Drama and reality combine in a fictitious 24 hours in the life of musician and international cultural icon Nick Cave. With startlingly frank insights and an intimate portrayal of the artistic process, the film examines what makes us who we are, and celebrates the transformative power of the creative spirit.Written by
All of our days are numbered. We can not afford to be idle. To act on a bad idea is better than to not act at all because the worth of the idea never becomes apparent until you do it. Sometimes this idea can be the smallest thing in the world; a little flame that you hunch over and cup with your hand and pray will not be extinguished by all the storm that howls about it. If you can hold on to that flame, great things can be constructed around it; things that are massive and powerful and world ...
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The credits are shown over a twilight scene of Brighton, shot from the sea. See more »
Interesting and engaging, but needed a little more focus and guidance.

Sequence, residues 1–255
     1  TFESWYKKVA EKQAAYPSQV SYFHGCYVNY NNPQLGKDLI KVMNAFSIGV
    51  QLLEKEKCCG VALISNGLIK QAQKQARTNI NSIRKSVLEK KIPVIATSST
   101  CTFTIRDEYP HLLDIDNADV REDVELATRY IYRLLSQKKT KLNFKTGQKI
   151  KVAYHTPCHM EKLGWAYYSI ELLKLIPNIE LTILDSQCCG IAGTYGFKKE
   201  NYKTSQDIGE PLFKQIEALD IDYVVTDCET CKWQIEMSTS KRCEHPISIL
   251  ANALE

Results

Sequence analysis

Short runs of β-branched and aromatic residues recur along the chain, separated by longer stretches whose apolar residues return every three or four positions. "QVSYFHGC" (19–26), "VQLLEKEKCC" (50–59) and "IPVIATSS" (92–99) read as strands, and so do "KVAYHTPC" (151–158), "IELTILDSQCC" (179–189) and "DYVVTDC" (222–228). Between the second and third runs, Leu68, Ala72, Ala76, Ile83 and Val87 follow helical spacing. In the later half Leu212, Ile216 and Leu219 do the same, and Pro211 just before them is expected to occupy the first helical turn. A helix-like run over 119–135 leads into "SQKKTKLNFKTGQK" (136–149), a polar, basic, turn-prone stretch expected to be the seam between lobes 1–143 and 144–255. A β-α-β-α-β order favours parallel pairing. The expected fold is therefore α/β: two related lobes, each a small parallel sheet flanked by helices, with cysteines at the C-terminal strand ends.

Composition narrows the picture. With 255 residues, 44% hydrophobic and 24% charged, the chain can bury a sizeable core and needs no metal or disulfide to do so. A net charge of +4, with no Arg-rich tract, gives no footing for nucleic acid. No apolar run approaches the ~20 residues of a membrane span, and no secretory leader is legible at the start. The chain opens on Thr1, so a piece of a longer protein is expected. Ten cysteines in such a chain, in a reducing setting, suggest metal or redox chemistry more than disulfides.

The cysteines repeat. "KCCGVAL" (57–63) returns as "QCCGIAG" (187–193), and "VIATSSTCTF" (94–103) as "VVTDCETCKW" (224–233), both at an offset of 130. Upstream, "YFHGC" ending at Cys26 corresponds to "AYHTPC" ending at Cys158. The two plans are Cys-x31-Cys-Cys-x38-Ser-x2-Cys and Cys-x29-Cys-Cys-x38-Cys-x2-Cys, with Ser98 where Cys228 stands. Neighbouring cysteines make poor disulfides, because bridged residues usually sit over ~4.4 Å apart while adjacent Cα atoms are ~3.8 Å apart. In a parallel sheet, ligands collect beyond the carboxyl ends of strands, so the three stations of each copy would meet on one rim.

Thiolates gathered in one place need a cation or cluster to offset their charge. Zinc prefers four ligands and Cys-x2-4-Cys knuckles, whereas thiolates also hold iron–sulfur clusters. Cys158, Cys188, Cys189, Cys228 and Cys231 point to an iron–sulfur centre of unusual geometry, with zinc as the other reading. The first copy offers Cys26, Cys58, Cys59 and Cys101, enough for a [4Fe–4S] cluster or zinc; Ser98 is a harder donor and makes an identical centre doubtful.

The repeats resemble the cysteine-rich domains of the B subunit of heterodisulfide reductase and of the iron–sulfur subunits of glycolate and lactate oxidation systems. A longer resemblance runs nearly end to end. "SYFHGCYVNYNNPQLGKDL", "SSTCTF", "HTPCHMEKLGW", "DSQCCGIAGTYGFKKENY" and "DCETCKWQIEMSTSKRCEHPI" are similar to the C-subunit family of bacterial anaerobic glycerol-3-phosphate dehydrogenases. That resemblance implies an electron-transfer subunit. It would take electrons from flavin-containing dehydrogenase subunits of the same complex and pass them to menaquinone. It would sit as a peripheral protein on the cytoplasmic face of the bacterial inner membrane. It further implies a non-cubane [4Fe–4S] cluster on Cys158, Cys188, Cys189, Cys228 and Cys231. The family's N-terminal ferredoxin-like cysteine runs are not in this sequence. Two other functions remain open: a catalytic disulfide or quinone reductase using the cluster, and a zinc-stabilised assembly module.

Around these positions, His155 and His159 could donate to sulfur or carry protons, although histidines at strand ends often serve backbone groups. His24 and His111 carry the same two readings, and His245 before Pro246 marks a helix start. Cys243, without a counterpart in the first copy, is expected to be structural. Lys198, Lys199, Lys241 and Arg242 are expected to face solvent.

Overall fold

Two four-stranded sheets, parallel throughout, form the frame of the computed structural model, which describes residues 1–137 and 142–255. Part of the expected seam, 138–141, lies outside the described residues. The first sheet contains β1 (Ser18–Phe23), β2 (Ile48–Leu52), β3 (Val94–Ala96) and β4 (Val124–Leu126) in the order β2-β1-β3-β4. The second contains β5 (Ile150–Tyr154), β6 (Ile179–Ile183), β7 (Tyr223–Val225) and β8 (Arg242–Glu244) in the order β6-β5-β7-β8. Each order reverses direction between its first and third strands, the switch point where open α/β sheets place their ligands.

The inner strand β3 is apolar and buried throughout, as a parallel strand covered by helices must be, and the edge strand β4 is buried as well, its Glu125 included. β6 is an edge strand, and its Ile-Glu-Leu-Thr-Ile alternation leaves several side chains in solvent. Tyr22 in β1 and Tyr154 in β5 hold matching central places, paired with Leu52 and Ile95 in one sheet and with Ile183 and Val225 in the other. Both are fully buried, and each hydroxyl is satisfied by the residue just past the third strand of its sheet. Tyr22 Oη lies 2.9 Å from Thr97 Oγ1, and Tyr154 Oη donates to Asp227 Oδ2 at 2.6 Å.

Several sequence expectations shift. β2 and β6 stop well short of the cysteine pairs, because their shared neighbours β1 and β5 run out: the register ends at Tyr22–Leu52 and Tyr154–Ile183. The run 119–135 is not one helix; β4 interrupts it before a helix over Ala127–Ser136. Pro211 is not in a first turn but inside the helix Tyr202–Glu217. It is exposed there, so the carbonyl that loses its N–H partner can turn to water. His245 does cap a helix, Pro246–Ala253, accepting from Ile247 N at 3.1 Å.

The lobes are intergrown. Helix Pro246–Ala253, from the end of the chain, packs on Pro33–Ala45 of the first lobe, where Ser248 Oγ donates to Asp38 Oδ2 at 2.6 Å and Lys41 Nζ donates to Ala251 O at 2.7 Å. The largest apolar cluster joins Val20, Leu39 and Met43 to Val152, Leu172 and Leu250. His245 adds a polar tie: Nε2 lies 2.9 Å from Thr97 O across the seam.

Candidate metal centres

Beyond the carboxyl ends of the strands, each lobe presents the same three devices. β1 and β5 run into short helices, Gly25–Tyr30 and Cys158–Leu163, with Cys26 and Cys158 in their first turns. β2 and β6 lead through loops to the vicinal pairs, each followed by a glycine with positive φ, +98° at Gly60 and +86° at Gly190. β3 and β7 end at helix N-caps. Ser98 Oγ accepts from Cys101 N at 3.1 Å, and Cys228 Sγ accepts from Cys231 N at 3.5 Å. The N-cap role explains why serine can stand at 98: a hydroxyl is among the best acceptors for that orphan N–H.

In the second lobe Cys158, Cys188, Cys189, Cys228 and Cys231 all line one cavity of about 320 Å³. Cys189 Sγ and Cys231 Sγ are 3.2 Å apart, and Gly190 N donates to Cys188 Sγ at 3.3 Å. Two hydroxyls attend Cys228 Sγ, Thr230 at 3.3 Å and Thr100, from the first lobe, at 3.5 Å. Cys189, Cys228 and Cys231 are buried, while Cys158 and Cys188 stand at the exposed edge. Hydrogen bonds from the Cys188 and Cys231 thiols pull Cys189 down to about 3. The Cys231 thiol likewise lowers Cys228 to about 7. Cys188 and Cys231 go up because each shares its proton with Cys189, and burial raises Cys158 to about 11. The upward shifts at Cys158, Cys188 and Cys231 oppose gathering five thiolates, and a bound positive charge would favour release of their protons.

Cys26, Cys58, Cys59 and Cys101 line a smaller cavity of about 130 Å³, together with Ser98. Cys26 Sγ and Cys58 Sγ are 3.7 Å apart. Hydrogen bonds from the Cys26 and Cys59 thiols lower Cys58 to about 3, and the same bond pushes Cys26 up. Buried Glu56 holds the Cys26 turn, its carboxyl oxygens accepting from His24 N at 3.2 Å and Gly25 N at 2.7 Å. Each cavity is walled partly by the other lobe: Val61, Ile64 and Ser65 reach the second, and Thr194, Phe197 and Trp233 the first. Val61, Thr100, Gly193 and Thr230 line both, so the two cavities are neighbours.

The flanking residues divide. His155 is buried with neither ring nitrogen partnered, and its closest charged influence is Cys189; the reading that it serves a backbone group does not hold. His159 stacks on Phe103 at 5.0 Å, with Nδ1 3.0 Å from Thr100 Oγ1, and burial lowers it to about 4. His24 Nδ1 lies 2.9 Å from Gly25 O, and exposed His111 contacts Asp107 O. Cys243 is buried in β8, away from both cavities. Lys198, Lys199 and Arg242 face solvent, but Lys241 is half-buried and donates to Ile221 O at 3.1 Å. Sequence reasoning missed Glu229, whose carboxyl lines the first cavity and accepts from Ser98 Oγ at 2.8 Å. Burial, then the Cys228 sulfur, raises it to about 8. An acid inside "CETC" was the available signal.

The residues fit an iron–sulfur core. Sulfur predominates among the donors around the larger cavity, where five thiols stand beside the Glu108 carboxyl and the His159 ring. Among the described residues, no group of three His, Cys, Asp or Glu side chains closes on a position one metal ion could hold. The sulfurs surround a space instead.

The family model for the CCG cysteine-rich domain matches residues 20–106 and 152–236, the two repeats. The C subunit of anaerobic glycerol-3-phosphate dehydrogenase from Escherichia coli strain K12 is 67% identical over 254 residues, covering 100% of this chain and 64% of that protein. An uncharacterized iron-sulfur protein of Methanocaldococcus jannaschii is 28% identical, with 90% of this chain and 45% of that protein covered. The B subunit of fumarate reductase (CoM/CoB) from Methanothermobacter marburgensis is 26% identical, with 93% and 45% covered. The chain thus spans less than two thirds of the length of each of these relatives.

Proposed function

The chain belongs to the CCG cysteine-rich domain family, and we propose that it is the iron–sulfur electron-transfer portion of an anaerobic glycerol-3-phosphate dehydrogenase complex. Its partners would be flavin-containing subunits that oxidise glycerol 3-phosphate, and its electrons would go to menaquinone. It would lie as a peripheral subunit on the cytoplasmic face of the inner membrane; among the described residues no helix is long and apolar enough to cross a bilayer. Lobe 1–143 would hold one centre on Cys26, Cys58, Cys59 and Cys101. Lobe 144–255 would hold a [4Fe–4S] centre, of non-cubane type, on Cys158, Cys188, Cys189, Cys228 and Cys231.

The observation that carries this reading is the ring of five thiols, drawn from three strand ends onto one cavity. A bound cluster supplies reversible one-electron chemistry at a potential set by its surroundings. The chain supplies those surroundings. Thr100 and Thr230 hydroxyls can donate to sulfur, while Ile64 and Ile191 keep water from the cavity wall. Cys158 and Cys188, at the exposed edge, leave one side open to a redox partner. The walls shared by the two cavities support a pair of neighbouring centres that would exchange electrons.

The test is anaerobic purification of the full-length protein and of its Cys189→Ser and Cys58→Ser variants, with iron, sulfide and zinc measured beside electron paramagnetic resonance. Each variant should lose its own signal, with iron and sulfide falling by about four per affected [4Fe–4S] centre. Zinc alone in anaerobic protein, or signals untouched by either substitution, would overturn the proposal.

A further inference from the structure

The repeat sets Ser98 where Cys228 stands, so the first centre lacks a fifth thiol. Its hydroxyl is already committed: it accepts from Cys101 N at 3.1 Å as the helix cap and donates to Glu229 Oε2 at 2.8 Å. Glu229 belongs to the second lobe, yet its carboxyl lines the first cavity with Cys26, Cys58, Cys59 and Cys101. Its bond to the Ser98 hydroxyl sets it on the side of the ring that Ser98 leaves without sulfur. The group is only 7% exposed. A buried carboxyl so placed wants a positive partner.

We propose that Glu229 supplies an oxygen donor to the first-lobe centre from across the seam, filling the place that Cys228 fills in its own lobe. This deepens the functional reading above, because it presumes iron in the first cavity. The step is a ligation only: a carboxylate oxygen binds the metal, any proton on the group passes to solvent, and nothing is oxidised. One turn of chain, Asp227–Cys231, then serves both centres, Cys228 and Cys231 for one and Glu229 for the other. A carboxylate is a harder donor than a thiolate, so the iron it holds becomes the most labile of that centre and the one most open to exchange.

I really like Nick Cave. He has cameos in two of my all-time favourite films, The Assassination of Jesse James and Wings of Desire. His score for the former is my all-time favourite too, a collaboration with Warren Ellis of whom he's seen hanging out together here. This documentary, 20,000 Days On Earth, is perhaps coming a little too late or early to paint the most fascinating portrait of the rock artist, though it would have been a less catchy title. His last album is good, not great, perhaps played a little too safe. Nevertheless, his creative process is still interesting to watch as we're allowed access into the recording studio. But this isn't a straightforward documentary. It has bits of verite, fiction and interviews.
It's a shame the fiction isn't as well handled and it comes off as contrived and stilted, including when the mystical celebrity cameos keep Cave company in car journeys. It's the way the film is shot too which uses the type of photography that's fit for HD TV rather than cinema though it has its moments. However, it makes up for all that for being very insightful. The interviews are no holds barred with penetratingly honest questions. Cave explains that his biggest fear is losing his memory, and I wish the film took that as its primary thesis, looking into Cave's memory instead of an irreverent day in the life. It does have its trips into nostalgia and excels in those moments. 20,000 Days On Earth is still a very good doc thanks to its subject matter, but it needed more focus and guidance.
8 of 10 people found this review helpful.
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